Death Date: 10 Oct 1918
Death Place: Home
Enlistment Place: Kingston-on-thames
Rank: L Corporal
Regiment: Household Cavalry and Cavalry of the Line
Battalion: Scottish Horse Yeomanry
Regimental Number: 18951
Type of Casualty: Died
Theatre of War: Home

So, all we know is that at some stage, likely between 1916 and 1918, Reginald Coley Woodhouse found himself in the 2/1 Scottish Horse Yeomanry. He attains the rank of Lance-Corporal, which may suggest an earlier attestation date. This Yeomanry was a territorial unit from 1908, when the restructuring of reservist soldiers occurred. The 2/1 battalion were raised in Scotland, pretty much as war was declared. By early 1915, they were stationed at Kettering, Northamptonshire; by the end of that year they had moved north, to Alford, Lincolnshire.

1916 would see a major reorganisation, when the 2/1 Scottish Horse, now the 19th Mounted Brigade, were converted into a cyclist brigade – first the 12th, then re-designated the 8th in the November. This would seemingly make a mockery of my suggestion that Reginald was unfit for front-line service; although it is possible that Reginald joined the unit at this stage because he may have had specialist skills in this area.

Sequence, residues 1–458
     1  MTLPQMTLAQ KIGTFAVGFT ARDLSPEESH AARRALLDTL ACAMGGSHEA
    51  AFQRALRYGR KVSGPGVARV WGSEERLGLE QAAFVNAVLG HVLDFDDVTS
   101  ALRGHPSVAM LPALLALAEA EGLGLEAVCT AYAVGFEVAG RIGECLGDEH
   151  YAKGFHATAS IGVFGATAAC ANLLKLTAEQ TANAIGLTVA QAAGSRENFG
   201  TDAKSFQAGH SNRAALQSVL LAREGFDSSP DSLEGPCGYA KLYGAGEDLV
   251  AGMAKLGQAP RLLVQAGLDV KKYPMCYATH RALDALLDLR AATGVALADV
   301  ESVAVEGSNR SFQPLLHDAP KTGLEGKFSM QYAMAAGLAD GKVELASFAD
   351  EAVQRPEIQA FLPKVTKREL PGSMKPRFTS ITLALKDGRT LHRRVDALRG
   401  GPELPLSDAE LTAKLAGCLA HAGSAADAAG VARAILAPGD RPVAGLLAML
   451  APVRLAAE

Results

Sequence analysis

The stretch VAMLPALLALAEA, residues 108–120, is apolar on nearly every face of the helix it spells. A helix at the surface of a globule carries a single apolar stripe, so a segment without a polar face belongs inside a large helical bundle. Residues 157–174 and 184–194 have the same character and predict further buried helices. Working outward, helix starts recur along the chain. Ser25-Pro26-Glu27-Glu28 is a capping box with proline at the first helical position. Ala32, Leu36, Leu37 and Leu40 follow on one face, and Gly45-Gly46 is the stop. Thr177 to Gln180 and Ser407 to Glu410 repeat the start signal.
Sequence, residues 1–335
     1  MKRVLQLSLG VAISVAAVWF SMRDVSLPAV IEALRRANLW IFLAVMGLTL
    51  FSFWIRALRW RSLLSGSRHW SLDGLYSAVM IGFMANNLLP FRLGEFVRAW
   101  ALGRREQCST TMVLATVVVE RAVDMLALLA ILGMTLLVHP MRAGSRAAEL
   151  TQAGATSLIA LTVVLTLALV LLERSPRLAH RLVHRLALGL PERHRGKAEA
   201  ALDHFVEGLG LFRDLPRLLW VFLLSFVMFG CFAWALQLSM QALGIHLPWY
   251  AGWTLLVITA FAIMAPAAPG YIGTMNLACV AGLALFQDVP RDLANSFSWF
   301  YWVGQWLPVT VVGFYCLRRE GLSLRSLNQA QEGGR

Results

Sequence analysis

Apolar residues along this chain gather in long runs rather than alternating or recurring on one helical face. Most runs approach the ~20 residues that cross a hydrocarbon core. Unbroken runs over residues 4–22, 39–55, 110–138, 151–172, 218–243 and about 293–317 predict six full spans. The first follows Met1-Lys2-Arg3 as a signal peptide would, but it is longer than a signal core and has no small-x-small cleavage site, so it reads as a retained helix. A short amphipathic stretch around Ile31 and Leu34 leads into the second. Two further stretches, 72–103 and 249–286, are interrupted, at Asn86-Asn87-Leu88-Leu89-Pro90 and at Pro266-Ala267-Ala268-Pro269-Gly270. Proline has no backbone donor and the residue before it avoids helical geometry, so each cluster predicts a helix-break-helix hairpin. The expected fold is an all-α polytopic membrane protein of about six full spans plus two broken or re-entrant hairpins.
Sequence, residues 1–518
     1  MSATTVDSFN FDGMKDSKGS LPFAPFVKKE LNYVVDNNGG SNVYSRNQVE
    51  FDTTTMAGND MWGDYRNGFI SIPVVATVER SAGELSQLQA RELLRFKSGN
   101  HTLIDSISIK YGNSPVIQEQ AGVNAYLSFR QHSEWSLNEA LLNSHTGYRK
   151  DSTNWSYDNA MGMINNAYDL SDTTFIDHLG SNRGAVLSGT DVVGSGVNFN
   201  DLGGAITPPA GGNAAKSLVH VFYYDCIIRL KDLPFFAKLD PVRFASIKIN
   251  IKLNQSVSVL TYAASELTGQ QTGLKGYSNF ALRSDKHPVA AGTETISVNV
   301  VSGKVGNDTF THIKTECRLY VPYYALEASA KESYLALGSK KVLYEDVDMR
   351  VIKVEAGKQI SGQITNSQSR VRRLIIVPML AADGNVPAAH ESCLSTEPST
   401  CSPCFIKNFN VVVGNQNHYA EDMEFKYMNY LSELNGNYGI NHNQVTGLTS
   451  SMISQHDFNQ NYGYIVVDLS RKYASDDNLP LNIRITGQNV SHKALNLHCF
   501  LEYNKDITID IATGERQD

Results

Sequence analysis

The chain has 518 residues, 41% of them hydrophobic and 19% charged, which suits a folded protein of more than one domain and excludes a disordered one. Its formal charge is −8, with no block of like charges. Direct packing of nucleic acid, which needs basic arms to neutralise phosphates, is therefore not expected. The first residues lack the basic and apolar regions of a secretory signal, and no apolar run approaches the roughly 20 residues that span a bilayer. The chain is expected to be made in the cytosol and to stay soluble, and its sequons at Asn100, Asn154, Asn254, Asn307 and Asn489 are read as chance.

British cyclist troops on the Somme in 1917. (Imperial War Museum)

British cyclist troops on the Somme in 1917.
(Imperial War Museum)

The purpose of a cycling unit was simply to be another form of mobile infantry (they did not go into battle on them, mind), although they could act as couriers and did reconnaissance as well. In 1917 the brigade was moved north, to Ladybank in Fife. It is possible that Reginald was with them by this stage. Then, the big change occurred. In April 1918, the old 2/1 Scottish Horse would find themselves at the Sarsfield Barracks at Limerick, Ireland; and we know that Reginald was with them there.

Limerick barracks, Ireland. Reginald was posted here in April 1918. (Limerick History Society)

Sarsfield barracks, Limerick, Ireland. Reginald was posted here in April 1918.
(National Library of Ireland)